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Radiated immunity testing for product that has an antenna and receiver?

treez

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Hi,
Say you've got a product to go for radiated immunity testing, and it is mains powered, and comprises a metal box containing a 60W offline SMPS, and a tx/rx module. The metal box feeds 12 metres of coaxial cable to a straight antenna of length some 10's of cm.
The metal box also feeds a 12v isolated cable (screened) to an open metal box which contains a 10W battery charger.
How do you get it to pass radiated immunity at 10V/m?
After all, the product has an antenna, which is designed to pick up radiation and feed it to its receiver....so its bound to fail?
 

frankrose

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How do you get it to pass radiated immunity at 10V/m?
It depends on a bit more factors I think, for example the excitation frequency, and everywhere will it get maximum 10V/m? And to answer this at least you should share how it failed on a test (after leveling how much was the lowest radiated power where it has passed already, which frequencies/bands are affected).
After all, the product has an antenna, which is designed to pick up radiation and feed it to its receiver....so its bound to fail?
10V/m is quite high for a receiver if it is in-band excitation. If the receiver operates at 2.4GHz and excitation comes 900MHz I think there is no issue.... or maybe. You should share more about the receiver, its input and simulate the effect of 10V/m in-band radiation.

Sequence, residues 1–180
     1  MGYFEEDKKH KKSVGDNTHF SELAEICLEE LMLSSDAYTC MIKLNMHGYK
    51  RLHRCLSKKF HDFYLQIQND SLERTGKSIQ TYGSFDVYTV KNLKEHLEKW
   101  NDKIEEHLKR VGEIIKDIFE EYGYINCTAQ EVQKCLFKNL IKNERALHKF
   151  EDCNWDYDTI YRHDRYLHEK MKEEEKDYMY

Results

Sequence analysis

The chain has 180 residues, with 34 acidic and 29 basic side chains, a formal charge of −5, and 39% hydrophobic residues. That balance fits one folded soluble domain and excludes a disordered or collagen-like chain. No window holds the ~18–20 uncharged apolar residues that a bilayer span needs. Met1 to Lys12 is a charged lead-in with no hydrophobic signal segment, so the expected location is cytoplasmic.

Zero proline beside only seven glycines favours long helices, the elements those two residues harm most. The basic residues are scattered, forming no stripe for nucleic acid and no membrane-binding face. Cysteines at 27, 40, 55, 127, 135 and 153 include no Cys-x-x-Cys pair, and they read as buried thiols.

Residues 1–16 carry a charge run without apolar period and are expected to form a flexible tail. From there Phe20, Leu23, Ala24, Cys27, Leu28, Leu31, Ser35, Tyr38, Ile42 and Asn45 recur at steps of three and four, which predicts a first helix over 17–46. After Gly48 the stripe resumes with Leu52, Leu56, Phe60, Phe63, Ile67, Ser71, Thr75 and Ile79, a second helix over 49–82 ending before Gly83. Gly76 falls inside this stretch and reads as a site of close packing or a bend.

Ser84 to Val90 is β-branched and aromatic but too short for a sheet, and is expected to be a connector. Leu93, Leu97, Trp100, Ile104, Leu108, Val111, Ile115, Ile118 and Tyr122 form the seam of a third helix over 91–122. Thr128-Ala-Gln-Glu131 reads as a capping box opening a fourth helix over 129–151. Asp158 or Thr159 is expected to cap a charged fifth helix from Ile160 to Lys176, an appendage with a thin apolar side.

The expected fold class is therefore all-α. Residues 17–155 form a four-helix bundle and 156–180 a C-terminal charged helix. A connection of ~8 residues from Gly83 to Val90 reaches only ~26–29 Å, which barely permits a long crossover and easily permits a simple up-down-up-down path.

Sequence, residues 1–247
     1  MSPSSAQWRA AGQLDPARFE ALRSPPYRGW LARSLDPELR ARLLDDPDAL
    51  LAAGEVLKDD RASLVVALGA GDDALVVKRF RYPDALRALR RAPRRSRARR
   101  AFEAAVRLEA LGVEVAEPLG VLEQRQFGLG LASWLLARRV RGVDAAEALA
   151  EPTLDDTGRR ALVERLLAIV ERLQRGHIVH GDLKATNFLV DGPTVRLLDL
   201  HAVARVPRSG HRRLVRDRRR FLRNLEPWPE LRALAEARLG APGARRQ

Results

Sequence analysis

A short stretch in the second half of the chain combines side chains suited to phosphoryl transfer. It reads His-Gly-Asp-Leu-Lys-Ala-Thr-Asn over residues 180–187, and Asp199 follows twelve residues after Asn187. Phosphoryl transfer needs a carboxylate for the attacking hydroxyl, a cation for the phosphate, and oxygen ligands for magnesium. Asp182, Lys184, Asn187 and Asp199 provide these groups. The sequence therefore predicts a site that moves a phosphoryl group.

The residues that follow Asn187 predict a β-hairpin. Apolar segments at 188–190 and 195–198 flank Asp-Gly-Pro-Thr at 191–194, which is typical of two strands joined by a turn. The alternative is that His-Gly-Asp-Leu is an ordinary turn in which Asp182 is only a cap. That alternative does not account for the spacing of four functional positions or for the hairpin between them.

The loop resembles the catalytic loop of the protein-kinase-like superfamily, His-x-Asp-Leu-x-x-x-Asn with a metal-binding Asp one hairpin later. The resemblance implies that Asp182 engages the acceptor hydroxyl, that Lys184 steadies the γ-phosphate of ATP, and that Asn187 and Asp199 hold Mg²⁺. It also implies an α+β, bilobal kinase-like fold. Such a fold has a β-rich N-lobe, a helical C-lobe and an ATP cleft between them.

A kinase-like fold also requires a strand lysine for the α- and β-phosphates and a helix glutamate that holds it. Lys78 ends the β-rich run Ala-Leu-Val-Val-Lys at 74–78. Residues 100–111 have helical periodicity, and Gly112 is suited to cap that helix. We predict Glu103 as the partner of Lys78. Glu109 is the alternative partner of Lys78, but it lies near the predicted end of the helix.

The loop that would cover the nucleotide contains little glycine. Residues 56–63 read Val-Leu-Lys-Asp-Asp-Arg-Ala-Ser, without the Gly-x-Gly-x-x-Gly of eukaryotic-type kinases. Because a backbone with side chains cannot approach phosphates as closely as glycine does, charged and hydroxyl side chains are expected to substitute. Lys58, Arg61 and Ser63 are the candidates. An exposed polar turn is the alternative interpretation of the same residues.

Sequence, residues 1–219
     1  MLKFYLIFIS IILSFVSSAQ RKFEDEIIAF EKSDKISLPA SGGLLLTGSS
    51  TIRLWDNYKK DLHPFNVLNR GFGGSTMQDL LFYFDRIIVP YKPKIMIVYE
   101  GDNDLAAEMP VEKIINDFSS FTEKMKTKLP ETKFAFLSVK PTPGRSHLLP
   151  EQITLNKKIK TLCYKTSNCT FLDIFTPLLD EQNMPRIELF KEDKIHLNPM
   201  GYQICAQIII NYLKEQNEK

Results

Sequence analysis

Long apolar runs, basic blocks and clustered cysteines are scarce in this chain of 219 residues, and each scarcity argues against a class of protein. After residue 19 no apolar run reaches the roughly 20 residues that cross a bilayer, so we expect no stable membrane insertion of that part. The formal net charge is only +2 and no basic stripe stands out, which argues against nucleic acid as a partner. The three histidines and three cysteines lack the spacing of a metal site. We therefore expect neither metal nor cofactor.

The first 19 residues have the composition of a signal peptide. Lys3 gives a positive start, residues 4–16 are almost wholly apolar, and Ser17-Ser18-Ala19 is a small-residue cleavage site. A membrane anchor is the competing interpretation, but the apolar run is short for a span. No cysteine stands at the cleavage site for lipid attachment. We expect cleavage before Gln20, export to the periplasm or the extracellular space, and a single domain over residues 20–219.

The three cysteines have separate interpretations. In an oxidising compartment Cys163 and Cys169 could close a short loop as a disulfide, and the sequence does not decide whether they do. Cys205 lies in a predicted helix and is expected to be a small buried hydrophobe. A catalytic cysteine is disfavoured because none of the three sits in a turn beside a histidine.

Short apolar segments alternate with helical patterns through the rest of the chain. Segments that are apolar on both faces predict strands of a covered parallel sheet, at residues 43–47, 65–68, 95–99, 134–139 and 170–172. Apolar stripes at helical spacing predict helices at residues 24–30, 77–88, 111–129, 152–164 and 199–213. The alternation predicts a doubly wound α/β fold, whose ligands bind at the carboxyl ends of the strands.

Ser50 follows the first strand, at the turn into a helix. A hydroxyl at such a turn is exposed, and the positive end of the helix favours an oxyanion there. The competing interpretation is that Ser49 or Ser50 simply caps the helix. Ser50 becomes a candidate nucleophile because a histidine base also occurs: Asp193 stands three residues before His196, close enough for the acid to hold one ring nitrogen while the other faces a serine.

KlausST

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Hi,

radiated noise test focusses on the frequencies that are "not meant for operation".
The test for an FM sender for X MHz excludes the X MHz (plus bandwidth) from the test.

You will se the X MHz on the frequency plot, but it is allowed to exceed the usual "radiated noise limit" there.

Else no Bluetooth, no cellular phone, no WiFi device ... could pass the test.

Klaus
 

frankrose

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You are right probably, when a receiver is used in the device under radiated immunity test with high as 10V/m excitation it is always out of the band test, I don't know. I meant test for a blocker/interferences/channel selectivity, but those should be applied next to lower radiation level I guess.
 

treez

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If you have an antenna matched up for 240MHz, and the system fails radiated immunity at 60MHz, then is there some offtheshelf filters that people normally buy for this? The 60MHz makes the receiver circuitry not "see" the antenna and it gives an "antenna missing" fault. How do we get round this? We also have many metres of coaxial cable going to the antenna, and wonder if we have to account for this with some kind of matching circuit, so we dont fail radiated immunity?
 

G4BCH

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If you place a band pass filter centred at your radio's operating frequency then this will help with both immunity and spurious output tests. Your antenna should be matched to 50ohms so if the transmitter and reciever are both matched then there should be no problem.
You don't say what frequency the transmitter and receiver are aperating at or which specifiaction you are testing against, I'm guessing that from the 10V/m that it is CE. All the tests have detailed procedures that the test house will folow. If you have not already got a copy of the specification you are working to towards meeting then I would recommend that you do, it will tell you over what frequency range you need not test for receiver immunity and spurious emissions and how to do it. The Transmitter will have its own separate approval specifiacation to meet.